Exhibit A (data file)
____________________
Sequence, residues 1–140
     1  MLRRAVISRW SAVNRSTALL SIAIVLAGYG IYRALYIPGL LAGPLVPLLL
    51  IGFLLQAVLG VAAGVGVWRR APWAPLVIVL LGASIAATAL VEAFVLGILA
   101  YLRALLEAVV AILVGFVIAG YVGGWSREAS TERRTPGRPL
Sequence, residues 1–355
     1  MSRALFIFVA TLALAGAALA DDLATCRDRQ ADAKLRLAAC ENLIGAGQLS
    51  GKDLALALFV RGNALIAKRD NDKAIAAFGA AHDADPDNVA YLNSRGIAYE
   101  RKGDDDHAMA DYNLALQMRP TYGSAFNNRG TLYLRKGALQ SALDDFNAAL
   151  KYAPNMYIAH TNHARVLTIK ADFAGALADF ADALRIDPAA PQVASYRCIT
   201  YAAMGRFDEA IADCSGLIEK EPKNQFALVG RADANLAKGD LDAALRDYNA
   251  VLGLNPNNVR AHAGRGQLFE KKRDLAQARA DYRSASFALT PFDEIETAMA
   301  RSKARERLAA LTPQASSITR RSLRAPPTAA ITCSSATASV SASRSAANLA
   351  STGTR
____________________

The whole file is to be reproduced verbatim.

Sequence, residues 1–140
     1  MLRRAVISRW SAVNRSTALL SIAIVLAGYG IYRALYIPGL LAGPLVPLLL
    51  IGFLLQAVLG VAAGVGVWRR APWAPLVIVL LGASIAATAL VEAFVLGILA
   101  YLRALLEAVV AILVGFVIAG YVGGWSREAS TERRTPGRPL
Sequence, residues 1–355
     1  MSRALFIFVA TLALAGAALA DDLATCRDRQ ADAKLRLAAC ENLIGAGQLS
    51  GKDLALALFV RGNALIAKRD NDKAIAAFGA AHDADPDNVA YLNSRGIAYE
   101  RKGDDDHAMA DYNLALQMRP TYGSAFNNRG TLYLRKGALQ SALDDFNAAL
   151  KYAPNMYIAH TNHARVLTIK ADFAGALADF ADALRIDPAA PQVASYRCIT
   201  YAAMGRFDEA IADCSGLIEK EPKNQFALVG RADANLAKGD LDAALRDYNA
   251  VLGLNPNNVR AHAGRGQLFE KKRDLAQARA DYRSASFALT PFDEIETAMA
   301  RSKARERLAA LTPQASSITR RSLRAPPTAA ITCSSATASV SASRSAANLA
   351  STGTR